Monday, June 14, 2010

Sinking Deeper And Deeper For Groundwater In Pune

This is a sight becoming common in Pune.

A drilling rig is often the first order of business for many new constructions on commercial and residential premises. It reflects both an increased consumption of water due to affluent lifestyles and a growing uncertainty about water security often due to lack of piped water supply especially in the suburbs and despite claims from the Pune Municipal Corporation that surface water reservoirs have enough capacity to provide for future population growth and increased use.

I guess people want to ensure that they have a water supply under their control in case of future inability of the city to provide them with piped water. I talked recently with a geologist with years of experience in the groundwater situation in Pune and I heard the same ominous story that is reverberating all over India.

The deeper aquifer in Pune which means drilling to depths of 150-200 feet seems to be experiencing overdraft as unregulated bore-wells extract more than natural recharge. The city is trying to address the problem by proposing that it will limit the number of bore-wells based on surveys of aquifer capacity. This kind of aggregate limit however will not regulate current and future use by individual wells already in operation. Indian groundwater law allows the owner of a property unlimited use of the groundwater and increased reliance on groundwater in the future will keep depleting the resource if not managed scientifically.

And therein lies the problem because just how much water lies underneath is at best only sketchily understood. Any blanket limit going by watersheds  imposed on extraction makes little sense because the deeper aquifers in Deccan basalts are not congruent with the surface water contours. They show extreme laterally variability and are compartmentalized. So for proper groundwater management the underlying aquifers need to be mapped, monitored and a scientific database on aquifer capacity needs to be built before any allocation plan that is sustainable is finalized.

Besides understanding the limits of extraction, just how the city is going to regulate individual use of groundwater remains a thorny issue. There is extreme reluctance to price the use of groundwater by metering bore-wells. The reasons are manifold. It will be an "enforcement headache" (read we are too lazy) is one excuse I have heard. Besides, there is a cultural tendency in India to look at groundwater as a free resource. The focus for long on groundwater use as been on rural consumption for agriculture. Making farmers pay a price for electricity and water is considered political Harakiri in India. So politicians keep tip-toeing around making any serious amendments to groundwater law.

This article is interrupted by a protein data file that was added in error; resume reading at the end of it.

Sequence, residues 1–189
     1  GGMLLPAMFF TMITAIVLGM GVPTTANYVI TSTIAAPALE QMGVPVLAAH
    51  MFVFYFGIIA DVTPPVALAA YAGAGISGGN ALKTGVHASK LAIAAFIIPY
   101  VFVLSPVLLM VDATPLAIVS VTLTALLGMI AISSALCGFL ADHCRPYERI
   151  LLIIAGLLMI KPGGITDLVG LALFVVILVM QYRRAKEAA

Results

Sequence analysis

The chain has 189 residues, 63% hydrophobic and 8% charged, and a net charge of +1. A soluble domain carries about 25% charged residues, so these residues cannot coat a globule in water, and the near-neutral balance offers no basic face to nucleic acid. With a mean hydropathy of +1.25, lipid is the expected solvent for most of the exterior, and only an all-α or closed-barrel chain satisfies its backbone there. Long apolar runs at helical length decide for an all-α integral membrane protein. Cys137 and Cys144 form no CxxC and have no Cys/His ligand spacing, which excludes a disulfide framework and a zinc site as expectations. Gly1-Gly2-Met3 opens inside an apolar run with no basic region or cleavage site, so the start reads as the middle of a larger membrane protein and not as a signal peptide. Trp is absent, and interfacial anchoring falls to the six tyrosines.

Indian cities however are growing and reliance on groundwater by urban users is bound to increase. There needs to be a sensible re-look at groundwater laws for the urban consumer. Water allocation for well owners based on the aquifer capacity, the need to limit new well permits, mandating artificial recharge structures to augment refilling, and getting urban consumers to pay for the water they are pulling out of the aquifer are all ideas that need to be debated and thrashed out if we want to move towards a more sustainable use of this resource.


  1. Hi Suvrat.

    I sorry to put this note here. Since I didn't find any contact form, I have posted the details here.

    I find your blog to be very interesting and want your blog to be in our List of Indian Science Blogs.

    If you are interested you can update your blog details here -

  2. thanks.. I've added my blog to the list

  3. There is a dreadful water problem in cities like Pune. New construction of homes and apartments have been very rapid but the water supply for the new residences has not kept up and the problem will get worse.